Italian archaeologists have unearthed 24 beautifully preserved bronze statues in Tuscany believed to date back to ancient Roman times.
The statues were discovered under the muddy ruins of an ancient bathhouse in San Casciano dei Bagni, a hilltop town in the Siena province, about 160km (100 miles) north of the capital Rome.
Depicting Hygieia, Apollo and other Greco-Roman gods, the figures are said to be around 2,300 years old.
One expert said the find could “rewrite history”.
Most of the statues – which were found submerged beneath the baths alongside around 6,000 bronze, silver and gold coins – date to between the 2nd Century BC and the 1st Century AD. The era marked a period of “great transformation in ancient Tuscany” as the area transitioned from Etruscan to Roman rule, the Italian culture ministry said.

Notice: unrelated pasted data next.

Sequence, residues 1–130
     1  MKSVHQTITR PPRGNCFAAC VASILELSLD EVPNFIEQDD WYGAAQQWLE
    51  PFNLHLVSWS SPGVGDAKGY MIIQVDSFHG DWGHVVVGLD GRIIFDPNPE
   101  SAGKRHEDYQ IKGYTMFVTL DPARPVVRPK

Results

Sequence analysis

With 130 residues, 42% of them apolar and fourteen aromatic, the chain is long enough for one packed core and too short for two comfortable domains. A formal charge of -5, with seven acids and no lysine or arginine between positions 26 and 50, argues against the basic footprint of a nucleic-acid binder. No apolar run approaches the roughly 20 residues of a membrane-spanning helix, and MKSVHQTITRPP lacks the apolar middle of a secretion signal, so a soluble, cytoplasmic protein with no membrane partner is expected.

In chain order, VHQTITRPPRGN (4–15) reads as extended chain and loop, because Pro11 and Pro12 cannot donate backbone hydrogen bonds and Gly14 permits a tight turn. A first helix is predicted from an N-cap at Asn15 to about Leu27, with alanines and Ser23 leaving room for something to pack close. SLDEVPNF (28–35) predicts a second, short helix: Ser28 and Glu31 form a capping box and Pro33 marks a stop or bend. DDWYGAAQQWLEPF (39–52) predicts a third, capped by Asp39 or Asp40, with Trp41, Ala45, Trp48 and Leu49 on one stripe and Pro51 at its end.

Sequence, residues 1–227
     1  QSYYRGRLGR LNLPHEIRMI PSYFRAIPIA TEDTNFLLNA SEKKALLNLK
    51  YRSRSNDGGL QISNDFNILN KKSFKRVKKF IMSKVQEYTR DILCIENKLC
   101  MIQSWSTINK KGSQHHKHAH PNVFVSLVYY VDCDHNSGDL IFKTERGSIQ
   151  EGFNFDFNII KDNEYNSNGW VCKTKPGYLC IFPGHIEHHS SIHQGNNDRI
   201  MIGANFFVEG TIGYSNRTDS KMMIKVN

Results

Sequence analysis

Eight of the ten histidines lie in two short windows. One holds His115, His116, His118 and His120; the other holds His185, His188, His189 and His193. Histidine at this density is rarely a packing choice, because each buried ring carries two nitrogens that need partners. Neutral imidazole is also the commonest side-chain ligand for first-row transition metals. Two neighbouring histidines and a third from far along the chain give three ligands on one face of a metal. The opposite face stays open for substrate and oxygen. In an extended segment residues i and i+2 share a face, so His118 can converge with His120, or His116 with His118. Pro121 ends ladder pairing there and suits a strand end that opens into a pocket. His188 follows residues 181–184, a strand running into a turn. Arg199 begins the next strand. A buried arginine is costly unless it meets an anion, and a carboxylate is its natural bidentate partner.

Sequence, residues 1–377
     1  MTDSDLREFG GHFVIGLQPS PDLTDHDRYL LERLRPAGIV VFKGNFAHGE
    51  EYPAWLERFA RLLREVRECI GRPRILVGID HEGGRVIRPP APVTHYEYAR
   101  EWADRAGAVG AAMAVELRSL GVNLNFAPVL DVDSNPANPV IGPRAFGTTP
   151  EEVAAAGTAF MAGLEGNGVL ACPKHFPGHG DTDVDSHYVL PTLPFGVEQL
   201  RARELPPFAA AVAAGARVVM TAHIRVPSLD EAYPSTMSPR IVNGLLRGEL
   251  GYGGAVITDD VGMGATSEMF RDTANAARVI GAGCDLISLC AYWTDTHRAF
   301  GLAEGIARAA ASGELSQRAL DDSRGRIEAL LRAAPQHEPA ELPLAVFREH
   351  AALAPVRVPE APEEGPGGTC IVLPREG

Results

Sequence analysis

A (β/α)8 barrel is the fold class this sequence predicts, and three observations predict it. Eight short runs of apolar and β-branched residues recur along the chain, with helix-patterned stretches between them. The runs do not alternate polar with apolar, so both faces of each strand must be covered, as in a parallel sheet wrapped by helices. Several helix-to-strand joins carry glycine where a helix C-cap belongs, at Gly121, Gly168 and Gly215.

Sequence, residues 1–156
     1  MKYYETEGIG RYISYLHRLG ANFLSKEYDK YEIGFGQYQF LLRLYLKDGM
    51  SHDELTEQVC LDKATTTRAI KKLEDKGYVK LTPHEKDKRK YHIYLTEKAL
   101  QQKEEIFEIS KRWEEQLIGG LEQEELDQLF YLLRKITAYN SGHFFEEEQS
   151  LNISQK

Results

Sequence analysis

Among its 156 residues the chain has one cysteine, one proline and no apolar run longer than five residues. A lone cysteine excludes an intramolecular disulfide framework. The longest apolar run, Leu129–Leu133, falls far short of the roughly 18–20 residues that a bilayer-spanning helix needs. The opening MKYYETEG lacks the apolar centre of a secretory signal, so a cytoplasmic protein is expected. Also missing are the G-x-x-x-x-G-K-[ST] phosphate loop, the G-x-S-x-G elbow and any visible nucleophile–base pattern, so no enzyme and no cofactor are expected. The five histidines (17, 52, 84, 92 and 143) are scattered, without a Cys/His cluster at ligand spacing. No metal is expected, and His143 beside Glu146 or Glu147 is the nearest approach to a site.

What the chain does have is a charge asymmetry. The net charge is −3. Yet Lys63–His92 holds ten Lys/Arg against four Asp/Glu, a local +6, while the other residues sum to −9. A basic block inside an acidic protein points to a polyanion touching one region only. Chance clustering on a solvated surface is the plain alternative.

Jacopo Tabolli, an assistant professor from the University for Foreigners in Siena who leads the dig, suggested that the statues had been immersed in thermal waters in a sort of ritual. “You give to the water because you hope that the water gives something back to you,” he observed.
The statues, which were preserved by the water, will be taken to a restoration laboratory in nearby Grosseto, before eventually being put on display in a new museum in San Casciano.
Massimo Osanna, director general of Italy’s state museums, said the discovery was the most important since the Riace Bronzes and “certainly one of the most significant bronze finds ever made in the history of the ancient Mediterranean”. The Riace Bronzes – discovered in 1972 – depict a pair of ancient warriors. They are believed to date back to around 460-450BC.